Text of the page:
2.  Weigh-ins : This process varies a bit tournament to tournament as well. Generally you should be at the event 1h+ before your division is scheduled to start.  Weighins will happen right before your division starts.  You weighin in your uniform. So if it's a gi event, you need to be wearing your gi and your belt. If it's no-gi you need to be wearing your shorts + rashguard.  The IBJJF has no tolerance for missing weight.  zero. none. ziltch. If you are over you will NOT compete.  The OJA tends to have a 1lb allowance and many other events do as well.

3. Gi Check : The IBJJF is, of course, the strictest when it comes to "legal" gis.  Only Black, Blue and White are allowed.  You cannot mix and match the colours (like blue pants and a white top) and they have to be in good repair(no rips, frays or tears).  There are several rules in place about the baggyness and length of the sleeves and pants, as well as maximum collar thickness, gi "skirt" length and belt width and length.  Finally, there are rules about where patches can and cannot be placed on the gi.  Page 30 and 31 of the IBJJF rule book outline the rules pretty specifically.

Some details to note about uniforms.

1. Men are NOT allowed to wear a rashguard under their gi.

2. Women MAY wear one, they are also allowed to wear a sports bra only or a 1 piece swim suit.

3. Everyone needs to wear non-thong underwear underneath their gi. (note: if you have Shorts under your pants, you can wear all the thongs you want, this rule is just so their are no bare bums).
4.  Men: no tights under your pants.

5. Women are allowed to wear tights under their pants, as long as they are shorter then the gi pants.

6. For NOGI: you need to wear a rashguard, and it has to be black or white, with ate least 10% and up to 100% of it being your rank colour. (most tournaments are not that strict about this).

7.  For NOGI: men are not allowed to wear only spats,  they used to not be allowed at all, but now black spats are allowed under your regulation shorts.  Your shorts have to be board short style, no pockets, no zippers.  They need to be black or white with up to 50% of your rank colour.

8. For NOGI: women are allowed to wear lycra tights, OR lycra shorts that are mid-thigh to knee length.  Interestingly, board shorts aren't mentioned in the rule book, but I'm fairly certain shorts that meet the men's guidelines would be ok as well.

So, bring at least 2 gis (or nogi sets) to every event, just in case.  Because it would be really shitty to get to a tournament and not be able to compete because your gi isn't legal.  Also, if your gi rips, you need to get a new one to carry on in the match.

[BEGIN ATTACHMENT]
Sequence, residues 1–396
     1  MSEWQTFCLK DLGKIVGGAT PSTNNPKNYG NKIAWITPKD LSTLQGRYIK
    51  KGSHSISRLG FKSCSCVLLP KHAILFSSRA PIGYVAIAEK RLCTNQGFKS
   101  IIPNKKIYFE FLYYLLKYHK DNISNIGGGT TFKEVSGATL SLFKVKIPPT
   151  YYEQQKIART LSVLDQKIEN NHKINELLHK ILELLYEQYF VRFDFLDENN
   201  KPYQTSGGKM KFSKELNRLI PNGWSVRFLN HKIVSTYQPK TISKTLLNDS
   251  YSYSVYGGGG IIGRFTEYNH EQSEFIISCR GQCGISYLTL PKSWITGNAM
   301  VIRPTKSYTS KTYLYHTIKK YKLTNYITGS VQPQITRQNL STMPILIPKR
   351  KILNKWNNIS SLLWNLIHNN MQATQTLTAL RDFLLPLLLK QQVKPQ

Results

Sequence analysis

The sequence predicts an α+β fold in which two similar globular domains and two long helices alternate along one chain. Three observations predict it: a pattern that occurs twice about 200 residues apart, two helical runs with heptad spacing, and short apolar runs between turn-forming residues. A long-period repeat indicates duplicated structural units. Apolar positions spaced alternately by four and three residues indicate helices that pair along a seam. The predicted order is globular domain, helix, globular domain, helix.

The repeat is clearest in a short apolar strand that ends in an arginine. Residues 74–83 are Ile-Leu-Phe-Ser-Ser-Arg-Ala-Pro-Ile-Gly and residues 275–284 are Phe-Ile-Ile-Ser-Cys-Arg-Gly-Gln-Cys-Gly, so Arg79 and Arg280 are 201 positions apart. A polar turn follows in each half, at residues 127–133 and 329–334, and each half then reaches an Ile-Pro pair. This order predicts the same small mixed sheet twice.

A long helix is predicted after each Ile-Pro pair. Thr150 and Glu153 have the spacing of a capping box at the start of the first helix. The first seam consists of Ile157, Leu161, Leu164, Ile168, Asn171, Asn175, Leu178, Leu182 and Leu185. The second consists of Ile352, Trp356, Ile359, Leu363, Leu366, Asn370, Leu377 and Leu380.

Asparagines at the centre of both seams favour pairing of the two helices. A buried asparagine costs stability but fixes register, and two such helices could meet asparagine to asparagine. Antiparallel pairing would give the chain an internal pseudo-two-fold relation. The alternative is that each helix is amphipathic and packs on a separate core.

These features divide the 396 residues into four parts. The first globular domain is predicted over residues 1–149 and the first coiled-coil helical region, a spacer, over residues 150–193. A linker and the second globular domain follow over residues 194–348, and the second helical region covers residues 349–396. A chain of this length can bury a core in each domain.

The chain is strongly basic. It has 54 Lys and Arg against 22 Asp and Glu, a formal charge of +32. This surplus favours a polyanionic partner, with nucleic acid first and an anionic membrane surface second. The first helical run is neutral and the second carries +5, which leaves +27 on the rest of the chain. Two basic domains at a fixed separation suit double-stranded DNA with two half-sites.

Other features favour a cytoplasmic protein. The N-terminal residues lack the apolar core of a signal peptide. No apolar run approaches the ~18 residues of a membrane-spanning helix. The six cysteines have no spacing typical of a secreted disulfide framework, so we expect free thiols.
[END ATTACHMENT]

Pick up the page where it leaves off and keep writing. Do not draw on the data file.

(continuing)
4. Pre-Match You made weight, you passed gi-check and you are brought over to your mat!  Congratulations, the hard parts over! ;)  The runner(they'll be the one with the clipboard or tablet that has your drawsheet on it)  will tell you which side to go on.  Wait on the side and do NOT go on the mats until the referee invites you.  (the gesture for this is their arms are up and they wave you in).

If you both competitors are wearing the same colour gi, the fighter on the referees right side will wear a green/yellow belt to identify them. Generally the competitor who's name is on top or the left of the bracket will go on the green side.  If one competitor is wearing white, and the other blue or black, the blue or black competitor will always go on the green side.  If one is wearing black and the other blue, the blue competitor will go on the green side.  so basically, blue trumps everything and black trumps white.

Once the referee has invited you onto the mat, make sure to shake the referee's hand.  If there are 3 refs, make sure to shake the corner refs hand as well.  If you like, shake your competitions hand at this point as well.  Many competitors will do the slap / fist bump after the referee says combatche, this isn't required, and I would be wary as there are always those guys/gals who will fake and go for the arm drag or takedown.

5. Referee Comands  There are only 4 commands from the referee (in Portuguese) that you need to know.  Make sure you know them and respond to them appropriately. There is nothing more frustrating to a referee (and coach) then a competitor stopping and getting up when you gave them a penalty.

  • Combatche: This means go/fight.  The referee will say this at the beginning of the match, and any time the match is stopped and needs to be started again.
  • Parou:  Stop.  Don't move.  Just STOP. Generally this happens when standup goes out of bounds (in this case, head back to the middle) or when the ground work progresses to close to the edge or ends up out of bounds (in this case, don't move until the ref says, they'll want to check your grips and make sure they can reproduce the position).